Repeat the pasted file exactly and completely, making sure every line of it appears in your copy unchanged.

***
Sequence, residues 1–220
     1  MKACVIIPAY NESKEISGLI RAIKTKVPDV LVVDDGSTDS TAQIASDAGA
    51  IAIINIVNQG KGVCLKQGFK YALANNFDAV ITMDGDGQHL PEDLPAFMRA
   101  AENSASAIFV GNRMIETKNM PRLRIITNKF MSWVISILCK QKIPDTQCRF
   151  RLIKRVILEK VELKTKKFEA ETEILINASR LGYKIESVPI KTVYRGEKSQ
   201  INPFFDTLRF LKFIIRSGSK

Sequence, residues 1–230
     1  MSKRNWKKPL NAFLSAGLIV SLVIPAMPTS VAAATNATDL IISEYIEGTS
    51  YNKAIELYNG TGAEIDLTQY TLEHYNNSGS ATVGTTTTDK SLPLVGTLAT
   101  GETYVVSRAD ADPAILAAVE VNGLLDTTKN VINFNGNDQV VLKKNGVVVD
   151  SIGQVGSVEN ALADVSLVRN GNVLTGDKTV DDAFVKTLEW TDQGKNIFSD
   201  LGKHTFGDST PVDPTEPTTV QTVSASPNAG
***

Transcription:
Sequence, residues 1–220
     1  MKACVIIPAY NESKEISGLI RAIKTKVPDV LVVDDGSTDS TAQIASDAGA
    51  IAIINIVNQG KGVCLKQGFK YALANNFDAV ITMDGDGQHL PEDLPAFMRA
   101  AENSASAIFV GNRMIETKNM PRLRIITNKF MSWVISILCK QKIPDTQCRF
   151  RLIKRVILEK VELKTKKFEA ETEILINASR LGYKIESVPI KTVYRGEKSQ
   201  INPFFDTLRF LKFIIRSGSK

Sequence, residues 1–230
     1  MSKRNWKKPL NAFLSAGLIV SLVIPAMPTS VAAATNATDL IISEYIEGTS
    51  YNKAIELYNG TGAEIDLTQY TLEHYNNSGS ATVGTTTTDK SLPLVGTLAT
   101  GETYVVSRAD ADPAILAAVE VNGLLDTTKN VINFNGNDQV VLKKNGVVVD
   151  SIGQVGSVEN ALADVSLVRN GNVLTGDKTV DDAFVKTLEW TDQGKNIFSD
   201  LGKHTFGDST PVDPTEPTTV QTVSASPNAG